It is scientific data like this that often brings me to the point of despair. Greta Thunberg criticized world leaders for failing to achieve any progress during the two years since she started her school strike. But things have started to change. A UDC working party zoom meeting I attended in August discussed the issues of the climate and biodiversity crises in terms that would have been unthinkable two years ago. The BBC is now covering the issue without feeling that they have to wheel out a climate change denier for the sake of ‘balance’ and even Google has stopped funding organizations that deny or work to block action on the climate crisis.
Most of all, each and every one of us is directly experiencing the effects of extreme weather events, even in our most benign and temperate location on the planet. The trouble is that we keep getting distracted by issues that seem more immediate and acute: whether by Brexit or the coronavirus, which has set the COP 26 Climate conference in Glasgow back a year.
It would help if we started to see the interconnectedness of all these things. At a UN summit on biodiversity, scheduled to be held in New York in September, scientists are to warn world leaders that increasing numbers of deadly new pandemics will afflict the planet if levels of deforestation and biodiversity loss continue at their current catastrophic rates.
There is apparently now clear evidence of strong links between environmental destruction and the increased emergence of deadly new diseases such as Covid-19. Rampant deforestation, uncontrolled expansion of farming and the building of mines in remote regions are creating a ‘perfect storm’ for the spillover of diseases from wildlife to people.
Our behaviours are creating these problems, so it must equally lie in our power to put things right.
Let’s not save the Planet. July 2020
By Edward Gildea - Eco team leader
I disagree with the concept of ‘Saving the planet’. It is dangerously misleading.
It implies that we are greater than the planet and that, if we are altruistic and generous, we might just condescend to save it, as we might try to save giant pandas or greater crested newts.
I imagine the mindset stems from Genesis when God conferred on man ‘dominion… over all the earth… to replenish the earth and subdue it.‘ I have always felt uncomfortable about that dominion until it was pointed out to me that a more accurate translation from the Hebrew would be that God conferred ‘responsibility for the earth’. For surely any good ruler thinks not in terms of power, but responsibility?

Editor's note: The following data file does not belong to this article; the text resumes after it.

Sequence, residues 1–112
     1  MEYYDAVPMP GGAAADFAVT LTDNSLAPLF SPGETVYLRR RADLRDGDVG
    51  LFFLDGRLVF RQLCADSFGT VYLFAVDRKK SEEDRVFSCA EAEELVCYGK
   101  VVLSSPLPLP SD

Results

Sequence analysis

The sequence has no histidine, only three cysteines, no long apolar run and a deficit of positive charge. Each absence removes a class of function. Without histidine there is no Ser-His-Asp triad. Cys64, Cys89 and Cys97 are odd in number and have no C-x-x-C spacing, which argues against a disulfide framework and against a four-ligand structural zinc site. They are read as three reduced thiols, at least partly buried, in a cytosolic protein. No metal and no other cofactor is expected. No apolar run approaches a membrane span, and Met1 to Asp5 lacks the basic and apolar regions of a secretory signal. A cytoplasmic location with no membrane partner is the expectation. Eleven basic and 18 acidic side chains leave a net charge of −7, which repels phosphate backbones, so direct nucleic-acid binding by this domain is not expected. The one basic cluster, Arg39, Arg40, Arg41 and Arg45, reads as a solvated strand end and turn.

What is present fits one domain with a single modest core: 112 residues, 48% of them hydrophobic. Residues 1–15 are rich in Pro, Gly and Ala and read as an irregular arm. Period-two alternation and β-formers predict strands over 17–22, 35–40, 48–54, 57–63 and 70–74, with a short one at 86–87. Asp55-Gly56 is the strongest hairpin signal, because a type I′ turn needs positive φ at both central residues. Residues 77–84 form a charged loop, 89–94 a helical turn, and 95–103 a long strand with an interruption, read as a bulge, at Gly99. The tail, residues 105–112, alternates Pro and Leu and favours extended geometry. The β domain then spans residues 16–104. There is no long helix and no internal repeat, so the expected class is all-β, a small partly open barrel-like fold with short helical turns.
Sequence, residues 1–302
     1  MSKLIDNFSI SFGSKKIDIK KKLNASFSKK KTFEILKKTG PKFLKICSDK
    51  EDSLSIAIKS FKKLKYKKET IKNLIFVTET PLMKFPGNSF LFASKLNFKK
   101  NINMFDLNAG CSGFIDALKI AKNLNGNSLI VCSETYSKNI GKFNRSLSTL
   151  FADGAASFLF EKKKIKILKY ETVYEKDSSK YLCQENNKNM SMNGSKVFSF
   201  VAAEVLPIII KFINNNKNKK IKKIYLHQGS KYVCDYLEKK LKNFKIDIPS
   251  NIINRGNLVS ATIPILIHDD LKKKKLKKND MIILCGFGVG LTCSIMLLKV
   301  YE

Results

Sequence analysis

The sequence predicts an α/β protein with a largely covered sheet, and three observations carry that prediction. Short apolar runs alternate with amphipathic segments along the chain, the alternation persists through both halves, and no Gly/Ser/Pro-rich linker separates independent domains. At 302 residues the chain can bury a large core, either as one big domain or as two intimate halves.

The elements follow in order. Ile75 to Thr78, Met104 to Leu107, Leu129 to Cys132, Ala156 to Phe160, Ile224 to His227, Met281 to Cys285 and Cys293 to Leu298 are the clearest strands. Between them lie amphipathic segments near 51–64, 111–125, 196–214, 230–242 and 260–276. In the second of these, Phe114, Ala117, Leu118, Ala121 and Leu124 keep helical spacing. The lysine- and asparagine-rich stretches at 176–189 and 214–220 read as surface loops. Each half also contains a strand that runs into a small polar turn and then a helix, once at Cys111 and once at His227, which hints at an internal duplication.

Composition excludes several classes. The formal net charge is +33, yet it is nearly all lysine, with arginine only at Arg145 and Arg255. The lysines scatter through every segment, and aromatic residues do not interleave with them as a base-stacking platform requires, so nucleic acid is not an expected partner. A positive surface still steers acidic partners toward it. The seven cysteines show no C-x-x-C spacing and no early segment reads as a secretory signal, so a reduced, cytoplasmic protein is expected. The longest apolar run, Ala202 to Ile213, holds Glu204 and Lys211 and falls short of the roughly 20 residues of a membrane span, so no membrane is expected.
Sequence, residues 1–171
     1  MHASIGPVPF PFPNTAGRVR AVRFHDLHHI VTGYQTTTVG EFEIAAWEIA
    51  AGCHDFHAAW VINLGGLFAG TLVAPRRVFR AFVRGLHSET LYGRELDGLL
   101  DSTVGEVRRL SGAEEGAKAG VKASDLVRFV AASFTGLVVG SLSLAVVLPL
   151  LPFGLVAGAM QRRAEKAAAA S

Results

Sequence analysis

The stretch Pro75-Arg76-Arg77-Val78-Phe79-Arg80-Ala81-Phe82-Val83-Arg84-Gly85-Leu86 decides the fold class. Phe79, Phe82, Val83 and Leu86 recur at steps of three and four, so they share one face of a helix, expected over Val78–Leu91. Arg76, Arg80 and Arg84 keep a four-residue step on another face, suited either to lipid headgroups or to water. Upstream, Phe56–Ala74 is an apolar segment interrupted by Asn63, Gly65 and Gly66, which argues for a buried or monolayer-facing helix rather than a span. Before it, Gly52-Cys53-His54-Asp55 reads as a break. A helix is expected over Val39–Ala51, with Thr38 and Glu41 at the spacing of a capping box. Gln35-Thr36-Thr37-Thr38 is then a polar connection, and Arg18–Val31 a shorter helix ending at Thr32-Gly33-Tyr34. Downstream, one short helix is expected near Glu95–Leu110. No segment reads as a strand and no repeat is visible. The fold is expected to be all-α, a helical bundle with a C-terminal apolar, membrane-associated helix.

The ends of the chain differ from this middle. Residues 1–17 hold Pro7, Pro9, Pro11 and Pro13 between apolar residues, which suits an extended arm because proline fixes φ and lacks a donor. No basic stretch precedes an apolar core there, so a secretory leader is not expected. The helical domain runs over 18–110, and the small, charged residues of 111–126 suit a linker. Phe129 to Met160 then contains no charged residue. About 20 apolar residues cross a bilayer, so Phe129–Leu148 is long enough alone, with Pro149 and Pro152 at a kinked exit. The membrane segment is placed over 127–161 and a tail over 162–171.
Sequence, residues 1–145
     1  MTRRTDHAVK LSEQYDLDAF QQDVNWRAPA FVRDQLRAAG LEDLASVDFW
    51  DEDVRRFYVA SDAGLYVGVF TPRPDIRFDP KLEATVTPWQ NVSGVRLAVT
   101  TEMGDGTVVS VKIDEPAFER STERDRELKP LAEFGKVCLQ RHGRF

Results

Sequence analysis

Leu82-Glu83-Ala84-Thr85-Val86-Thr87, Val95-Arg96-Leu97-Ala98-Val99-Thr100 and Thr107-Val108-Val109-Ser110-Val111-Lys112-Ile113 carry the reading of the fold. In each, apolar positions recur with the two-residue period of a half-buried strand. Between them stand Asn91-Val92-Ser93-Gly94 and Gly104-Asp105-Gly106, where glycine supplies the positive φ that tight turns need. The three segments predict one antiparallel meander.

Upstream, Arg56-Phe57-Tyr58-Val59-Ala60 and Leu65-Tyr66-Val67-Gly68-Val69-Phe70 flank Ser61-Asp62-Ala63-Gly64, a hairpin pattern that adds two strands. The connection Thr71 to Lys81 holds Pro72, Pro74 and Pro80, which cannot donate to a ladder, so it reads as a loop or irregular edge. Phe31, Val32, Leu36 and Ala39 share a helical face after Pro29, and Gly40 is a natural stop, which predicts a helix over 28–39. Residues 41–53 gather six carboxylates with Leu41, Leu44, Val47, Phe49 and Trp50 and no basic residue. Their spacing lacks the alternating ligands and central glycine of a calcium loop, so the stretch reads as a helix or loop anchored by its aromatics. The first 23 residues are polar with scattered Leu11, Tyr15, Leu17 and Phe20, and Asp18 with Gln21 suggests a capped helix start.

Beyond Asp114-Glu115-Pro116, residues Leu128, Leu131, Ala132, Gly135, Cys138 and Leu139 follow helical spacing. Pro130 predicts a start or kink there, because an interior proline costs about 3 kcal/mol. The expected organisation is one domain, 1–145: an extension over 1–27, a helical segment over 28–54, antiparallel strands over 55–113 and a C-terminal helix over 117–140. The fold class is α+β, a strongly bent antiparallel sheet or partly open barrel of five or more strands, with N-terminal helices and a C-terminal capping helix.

The fact is that the planet will be fine. It will continue spinning on its axis every 24 hours and around the sun every year and it will stay perfectly in balance with itself. The problem is that man’s impact in this era, the anthropocene, is changing that balance dramatically and making the planet inhospitable to us.
What we should be doing is attempting to save ourselves… save ourselves by paying more attention to our only home so that it is maintained in the favourable balance that gave us life in the first place.
So why hasn’t self interest kicked in by now? Why are we so reluctant to preserve ourselves and protect our children? Isn’t that our primary instinct?
In 2019 Oxfam reported that just the 26 richest billionaires own as many assets as the 3.8 billion people who make up the poorest half of the planet’s population and the number is falling steadily, from 43 billionaires in 2017.
Meanwhile just 100 companies in the world have been responsible for 71% of the global GHG emissions since 1998, and a mere 20 fossil fuel companies can be directly linked to more than one-third of all greenhouse gas emissions in the modern era.
So it looks as though a very small handful of very powerful people are working according to their own self-interest and taking the rest of the population of the world along with them. Presumably they are the billionaires and corporations who own most of the media outlets, contribute most to politicians’ election expenses, lobby most effectively and stimulate economies based on endless consumption through their advertising and entertainment operations.
So how do we break out of our servitude to these billionaires and corporations? At what point are we going to create a sustainable economy based on social justice and humanitarian equity?
An inspirational Oxford economist, Kate Raworth has a thrilling vision of a sustainable, universally beneficial economy. It will look like a doughnut! A creative, regenerative, distributive economy that works within the planet's ecological limits. Do listen to her TED talk and find out more about the doughnut! https://www.youtube.com/watch?v=Rhcrbcg8HBw&feature=youtu.be
Our Eco Churchyard
The Eco Church has been working in the churchyard for several months, planting wild flowers and encouraging biodiversity. They have cut over 100 circular turfs and sowed wildflower seeds which are coming along very well. Many thanks to Edward Gildea for watering the new seedlings during our dry spells. Below are some photos of flowers currently growing in the churchyard. Not the new seedlings yet, but the flowers that have been thriving because of our new reduced mowing regime which the Eco Group had requested. June 2020
Carpe Diem! June 2020
By Edward Gildea - Eco team leader
It has been a joy to see clear, unpolluted blue skies; to hear birdsong rise above the traffic noise and to connect with the beauty of nature on our own doorsteps. And while we’ve been doing that, daily greenhouse gas emissions (GHGs) dropped 17% in April!